Abstract: Using Total Factor Productivity (TFP) as a measure of corporate performance, we find that Italian family-run firms are less productive than firms run by outside managers and the result is robust to potential endogeneity of management regime. This difference tends to vanish when the age of the firms is taken into account.
    Keywords: Family firms, Management, TFP
    JEL: D24 G34
    Date: 2014–09
  2. By: Joachim Wagner (Leuphana University Lueneburg, Germany)
    Abstract: This note uses a new tailor-made data set to investigate the link between firm age and the extensive margins of imports empirically for the first time for Germany. Results turn out to be fully in line with the theoretical considerations. Older firms are more often importers, import more different goods, and import from more different countries of origin.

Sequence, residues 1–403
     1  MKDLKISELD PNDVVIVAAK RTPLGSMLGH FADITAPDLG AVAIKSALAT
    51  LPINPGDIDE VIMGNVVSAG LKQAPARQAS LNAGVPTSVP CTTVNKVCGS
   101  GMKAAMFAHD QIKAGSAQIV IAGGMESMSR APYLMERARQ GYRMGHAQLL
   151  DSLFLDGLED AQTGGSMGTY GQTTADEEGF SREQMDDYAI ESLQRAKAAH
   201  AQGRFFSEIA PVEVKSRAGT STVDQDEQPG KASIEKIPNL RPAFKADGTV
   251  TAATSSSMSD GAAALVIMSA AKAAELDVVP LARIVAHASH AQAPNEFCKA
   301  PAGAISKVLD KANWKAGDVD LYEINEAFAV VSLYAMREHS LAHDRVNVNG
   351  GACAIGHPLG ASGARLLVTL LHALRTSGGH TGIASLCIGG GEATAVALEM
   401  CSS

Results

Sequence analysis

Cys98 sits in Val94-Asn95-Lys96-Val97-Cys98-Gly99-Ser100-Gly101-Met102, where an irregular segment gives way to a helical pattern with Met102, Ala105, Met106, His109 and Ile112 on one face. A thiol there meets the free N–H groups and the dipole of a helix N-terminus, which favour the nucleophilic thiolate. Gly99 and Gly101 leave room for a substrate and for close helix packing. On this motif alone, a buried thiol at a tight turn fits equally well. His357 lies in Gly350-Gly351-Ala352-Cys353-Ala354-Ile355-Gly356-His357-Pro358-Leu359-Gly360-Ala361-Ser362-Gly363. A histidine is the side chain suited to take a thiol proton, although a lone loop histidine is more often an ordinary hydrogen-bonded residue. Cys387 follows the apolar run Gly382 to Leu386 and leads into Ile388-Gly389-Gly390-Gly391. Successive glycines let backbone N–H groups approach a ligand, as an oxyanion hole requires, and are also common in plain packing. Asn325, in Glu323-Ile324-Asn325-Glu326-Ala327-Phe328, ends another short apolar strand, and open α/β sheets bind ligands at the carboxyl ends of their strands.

Keywords: Imports, firm age, import margins, Germany
    JEL: F14
    Date: 2014–08
  3. By: Egger, Peter (ETH Zuerich); Erhardt, Katharina (ETH Zuerich); Keuschnigg, Christian (Institute for Advanced Studies, Vienna and University of St. Gallen)
    Abstract: Firms are heterogeneous in size, productivity, ownership concentration, governance, financial structure and other dimensions. This paper introduces a stylized theoretical framework to account for such differences and to explain the heterogeneous tax sensitivity of firm-level investments across firm types. We econometrically test the theoretical predictions, taking account of selection of firms into different regimes. We find important differences in the tax sensitivity of investment of small entrepreneurial and larger managerial firms in different financial regimes that are largely in line with theoretical results.
    Keywords: Corporate tax, personal taxes, firm heterogeneity, access to capital, manager-shareholder conflicts